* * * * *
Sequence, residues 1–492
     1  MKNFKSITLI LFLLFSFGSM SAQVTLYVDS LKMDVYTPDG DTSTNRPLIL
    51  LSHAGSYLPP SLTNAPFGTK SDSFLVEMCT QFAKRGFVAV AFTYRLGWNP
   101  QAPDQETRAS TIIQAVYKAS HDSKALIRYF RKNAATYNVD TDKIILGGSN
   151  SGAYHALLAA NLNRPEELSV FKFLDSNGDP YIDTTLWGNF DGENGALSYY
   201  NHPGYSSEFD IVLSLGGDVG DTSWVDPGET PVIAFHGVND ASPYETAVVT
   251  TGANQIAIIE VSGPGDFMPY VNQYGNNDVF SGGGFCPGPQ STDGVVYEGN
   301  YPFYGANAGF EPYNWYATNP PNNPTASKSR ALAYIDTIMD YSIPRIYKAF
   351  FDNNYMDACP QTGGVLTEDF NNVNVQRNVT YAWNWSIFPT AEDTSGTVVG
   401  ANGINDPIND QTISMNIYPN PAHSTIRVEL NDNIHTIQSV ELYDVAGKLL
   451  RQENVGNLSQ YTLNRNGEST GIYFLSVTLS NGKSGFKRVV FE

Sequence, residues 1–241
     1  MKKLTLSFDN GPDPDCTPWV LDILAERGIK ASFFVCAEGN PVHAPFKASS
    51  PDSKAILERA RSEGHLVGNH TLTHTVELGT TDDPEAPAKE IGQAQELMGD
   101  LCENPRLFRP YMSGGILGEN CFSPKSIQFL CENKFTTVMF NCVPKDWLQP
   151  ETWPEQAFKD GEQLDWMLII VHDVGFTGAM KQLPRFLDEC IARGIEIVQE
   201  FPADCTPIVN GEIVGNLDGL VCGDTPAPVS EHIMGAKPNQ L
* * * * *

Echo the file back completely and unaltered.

Sequence, residues 1–492
     1  MKNFKSITLI LFLLFSFGSM SAQVTLYVDS LKMDVYTPDG DTSTNRPLIL
    51  LSHAGSYLPP SLTNAPFGTK SDSFLVEMCT QFAKRGFVAV AFTYRLGWNP
   101  QAPDQETRAS TIIQAVYKAS HDSKALIRYF RKNAATYNVD TDKIILGGSN
   151  SGAYHALLAA NLNRPEELSV FKFLDSNGDP YIDTTLWGNF DGENGALSYY
   201  NHPGYSSEFD IVLSLGGDVG DTSWVDPGET PVIAFHGVND ASPYETAVVT
   251  TGANQIAIIE VSGPGDFMPY VNQYGNNDVF SGGGFCPGPQ STDGVVYEGN
   301  YPFYGANAGF EPYNWYATNP PNNPTASKSR ALAYIDTIMD YSIPRIYKAF
   351  FDNNYMDACP QTGGVLTEDF NNVNVQRNVT YAWNWSIFPT AEDTSGTVVG
   401  ANGINDPIND QTISMNIYPN PAHSTIRVEL NDNIHTIQSV ELYDVAGKLL
   451  RQENVGNLSQ YTLNRNGEST GIYFLSVTLS NGKSGFKRVV FE

Sequence, residues 1–241
     1  MKKLTLSFDN GPDPDCTPWV LDILAERGIK ASFFVCAEGN PVHAPFKASS
    51  PDSKAILERA RSEGHLVGNH TLTHTVELGT TDDPEAPAKE IGQAQELMGD
   101  LCENPRLFRP YMSGGILGEN CFSPKSIQFL CENKFTTVMF NCVPKDWLQP
   151  ETWPEQAFKD GEQLDWMLII VHDVGFTGAM KQLPRFLDEC IARGIEIVQE
   201  FPADCTPIVN GEIVGNLDGL VCGDTPAPVS EHIMGAKPNQ L